Roseland Cottage concert a summer delight

By Denise Coffey - Staff Writer
Woodstock - posted Tue., Jul. 19, 2011
Big Band bass player Chuck Gendrich shows Ethan Adams his instrument. Photos by D. Coffey.
Big Band bass player Chuck Gendrich shows Ethan Adams his instrument. Photos by D. Coffey.

The Woodstock Recreation Commission and Roseland Cottage co-sponsored a “Twilight Concert” on the Roseland Cottage grounds July 15. The 15-piece Little Big Band brought its repertoire of swing, Big Band and jazz to a crowd of more than 300 people.

The event would have pleased the original owner of Roseland Cottage, Henry C. Bowen, according to Amanda Manso, head gardener at the historic property. Bowen built the summer house in 1840 and the famous parterre garden in 1850. He was so famous for throwing parties that President Ulysses S. Grant came to a one when he was the sitting president, Manso said.

“Henry Bowen was a huge partier,” she said. “His Fourth of July parties got so big, he had to purchase a separate piece of property to hold them.” That property became known as Roseland Park.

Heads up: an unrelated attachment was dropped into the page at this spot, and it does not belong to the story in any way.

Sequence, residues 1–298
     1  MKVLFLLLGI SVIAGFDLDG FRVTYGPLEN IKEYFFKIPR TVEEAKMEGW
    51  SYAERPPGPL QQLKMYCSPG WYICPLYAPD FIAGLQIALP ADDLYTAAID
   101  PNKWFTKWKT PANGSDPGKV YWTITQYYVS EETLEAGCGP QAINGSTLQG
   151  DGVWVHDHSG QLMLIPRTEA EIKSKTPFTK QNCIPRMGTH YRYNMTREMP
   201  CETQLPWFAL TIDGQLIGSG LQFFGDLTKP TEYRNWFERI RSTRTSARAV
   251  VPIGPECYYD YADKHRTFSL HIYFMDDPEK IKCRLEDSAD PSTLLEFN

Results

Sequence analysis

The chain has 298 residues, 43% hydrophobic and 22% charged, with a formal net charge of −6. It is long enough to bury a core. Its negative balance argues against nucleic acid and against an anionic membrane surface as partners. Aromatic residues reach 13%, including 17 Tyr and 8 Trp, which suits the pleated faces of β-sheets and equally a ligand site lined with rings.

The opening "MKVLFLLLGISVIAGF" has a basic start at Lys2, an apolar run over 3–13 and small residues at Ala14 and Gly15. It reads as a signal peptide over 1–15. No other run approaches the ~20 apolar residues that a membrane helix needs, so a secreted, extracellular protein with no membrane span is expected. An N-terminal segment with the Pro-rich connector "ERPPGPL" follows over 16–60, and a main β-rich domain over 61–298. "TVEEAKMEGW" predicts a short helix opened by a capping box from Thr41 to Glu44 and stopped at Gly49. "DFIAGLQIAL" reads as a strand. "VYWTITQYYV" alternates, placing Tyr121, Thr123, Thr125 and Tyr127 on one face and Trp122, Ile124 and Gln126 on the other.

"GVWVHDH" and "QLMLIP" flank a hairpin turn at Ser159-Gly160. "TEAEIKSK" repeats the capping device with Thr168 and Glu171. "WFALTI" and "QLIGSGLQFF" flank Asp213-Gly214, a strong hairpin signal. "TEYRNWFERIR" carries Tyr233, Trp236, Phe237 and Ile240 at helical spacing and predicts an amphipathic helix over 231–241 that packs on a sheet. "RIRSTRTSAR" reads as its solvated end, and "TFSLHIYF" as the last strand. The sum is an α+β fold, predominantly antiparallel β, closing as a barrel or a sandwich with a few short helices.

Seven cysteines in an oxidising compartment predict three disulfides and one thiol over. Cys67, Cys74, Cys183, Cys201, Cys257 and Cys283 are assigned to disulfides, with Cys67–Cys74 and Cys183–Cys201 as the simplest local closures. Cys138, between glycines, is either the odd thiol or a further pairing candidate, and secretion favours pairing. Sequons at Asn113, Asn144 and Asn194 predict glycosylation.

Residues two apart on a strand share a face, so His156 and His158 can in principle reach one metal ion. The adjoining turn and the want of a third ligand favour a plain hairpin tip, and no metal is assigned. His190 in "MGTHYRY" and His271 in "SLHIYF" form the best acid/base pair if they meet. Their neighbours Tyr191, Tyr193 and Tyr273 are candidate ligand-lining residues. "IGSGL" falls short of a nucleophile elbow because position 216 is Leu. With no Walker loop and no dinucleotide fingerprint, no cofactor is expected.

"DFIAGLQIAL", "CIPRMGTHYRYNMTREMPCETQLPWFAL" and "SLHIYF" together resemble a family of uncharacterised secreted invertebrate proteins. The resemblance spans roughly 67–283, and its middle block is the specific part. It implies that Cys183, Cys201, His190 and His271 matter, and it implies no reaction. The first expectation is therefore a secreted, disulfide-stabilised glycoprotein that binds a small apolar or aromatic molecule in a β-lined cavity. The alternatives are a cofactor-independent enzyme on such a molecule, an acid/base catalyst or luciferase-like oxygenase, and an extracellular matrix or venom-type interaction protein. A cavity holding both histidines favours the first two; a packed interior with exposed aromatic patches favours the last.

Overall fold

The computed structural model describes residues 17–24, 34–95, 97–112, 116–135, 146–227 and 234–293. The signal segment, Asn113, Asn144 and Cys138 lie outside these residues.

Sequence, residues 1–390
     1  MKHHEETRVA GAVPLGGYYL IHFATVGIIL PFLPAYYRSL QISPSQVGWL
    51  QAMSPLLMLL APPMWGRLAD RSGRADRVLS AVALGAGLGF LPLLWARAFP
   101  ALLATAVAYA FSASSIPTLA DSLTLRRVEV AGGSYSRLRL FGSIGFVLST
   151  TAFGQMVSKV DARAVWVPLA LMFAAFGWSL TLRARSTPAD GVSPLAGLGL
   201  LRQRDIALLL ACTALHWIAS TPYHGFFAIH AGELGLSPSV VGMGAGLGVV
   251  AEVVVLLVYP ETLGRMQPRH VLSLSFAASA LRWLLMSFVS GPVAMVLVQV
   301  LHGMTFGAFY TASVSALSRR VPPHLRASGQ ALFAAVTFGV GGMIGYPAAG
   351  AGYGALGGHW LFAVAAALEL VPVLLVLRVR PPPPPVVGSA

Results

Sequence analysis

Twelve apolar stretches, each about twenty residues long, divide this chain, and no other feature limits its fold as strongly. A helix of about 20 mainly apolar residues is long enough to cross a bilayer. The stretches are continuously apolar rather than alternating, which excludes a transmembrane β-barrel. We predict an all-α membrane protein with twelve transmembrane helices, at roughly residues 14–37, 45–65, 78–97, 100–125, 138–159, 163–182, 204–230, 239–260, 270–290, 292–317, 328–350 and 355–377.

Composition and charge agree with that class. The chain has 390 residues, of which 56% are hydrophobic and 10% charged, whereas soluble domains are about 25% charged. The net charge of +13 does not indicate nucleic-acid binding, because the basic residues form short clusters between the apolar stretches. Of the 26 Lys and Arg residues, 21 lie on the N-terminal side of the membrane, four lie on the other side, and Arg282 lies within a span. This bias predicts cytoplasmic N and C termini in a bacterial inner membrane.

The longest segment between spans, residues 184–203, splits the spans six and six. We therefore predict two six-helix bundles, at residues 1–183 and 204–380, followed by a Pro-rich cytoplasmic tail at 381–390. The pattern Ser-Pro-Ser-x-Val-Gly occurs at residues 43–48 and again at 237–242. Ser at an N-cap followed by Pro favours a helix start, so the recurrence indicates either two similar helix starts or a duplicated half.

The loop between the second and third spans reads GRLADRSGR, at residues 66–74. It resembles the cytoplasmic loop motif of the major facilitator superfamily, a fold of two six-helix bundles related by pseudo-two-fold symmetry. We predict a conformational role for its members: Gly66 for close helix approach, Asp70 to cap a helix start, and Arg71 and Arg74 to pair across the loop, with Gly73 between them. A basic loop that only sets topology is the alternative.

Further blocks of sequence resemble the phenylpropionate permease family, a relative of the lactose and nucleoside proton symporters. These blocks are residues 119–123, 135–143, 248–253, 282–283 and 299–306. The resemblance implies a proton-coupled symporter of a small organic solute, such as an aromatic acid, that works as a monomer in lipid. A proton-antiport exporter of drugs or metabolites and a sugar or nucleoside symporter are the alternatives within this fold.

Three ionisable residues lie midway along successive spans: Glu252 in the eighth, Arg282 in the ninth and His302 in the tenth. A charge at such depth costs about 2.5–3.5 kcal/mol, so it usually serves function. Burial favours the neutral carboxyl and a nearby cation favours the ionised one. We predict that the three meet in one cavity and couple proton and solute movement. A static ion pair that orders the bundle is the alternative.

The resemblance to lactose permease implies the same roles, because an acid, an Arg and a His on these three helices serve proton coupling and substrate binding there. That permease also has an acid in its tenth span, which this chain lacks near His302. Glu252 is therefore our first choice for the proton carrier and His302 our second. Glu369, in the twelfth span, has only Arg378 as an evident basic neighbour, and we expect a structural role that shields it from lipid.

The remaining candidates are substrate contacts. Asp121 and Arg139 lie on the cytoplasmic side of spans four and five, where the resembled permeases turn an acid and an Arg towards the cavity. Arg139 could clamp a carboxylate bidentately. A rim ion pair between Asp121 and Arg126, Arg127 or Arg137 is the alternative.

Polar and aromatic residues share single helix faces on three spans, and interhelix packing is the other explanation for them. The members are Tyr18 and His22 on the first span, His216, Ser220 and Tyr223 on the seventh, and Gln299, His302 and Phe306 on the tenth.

At the recent summer concert, guests brought lawn chairs and blankets and set themselves up in a semicircle around the band. Ninety-year-old Donald Shaw and his wife, Nancy, staked out a spot beneath a tree. They nibbled on sliced Asiago cheese and crackers while listening to the music.

Shaw was already a fan of Big Band music, but the outdoor concert and the beautiful summer evening made it even better. “It's fantastic,” Shaw said. “The vocalist is terrific. I'm amazed.”

“It’s what makes Woodstock so great,” said Paul Manso. “The town is steeped in tradition.”

Eleven-year-old Jacob Murphy sat on a bench reading “The Voyage of Slaves,” by Brian Jacques. It wasn't that he didn't like the music. “I love it,” he said. “But I love reading, so I brought my book.” His family sat on the lawn closer to the band.

Pamela Lomerson came from Dayville to hear the concert. “The band sounds really together,” she said as the band played “Tuxedo Junction.” “The vocalist is lovely,” she added.

Some children danced in the grass in front of the band, while others took more delight in walking through the boxwood hedge paths of the parterre garden with their parents or grandparents.

The last song was a melancholic “Summertime.” The living was indeed easy at Roseland that evening, but few wanted the music or the perfect summer night to stop. 

Woodstock will hold two more concerts in the “Twilight Concert” series. The Windham Concert Band will perform on July 22. Sweet Daddy Cool Breeze will perform on Aug. 13. The concerts are free and begin at 7 p.m.


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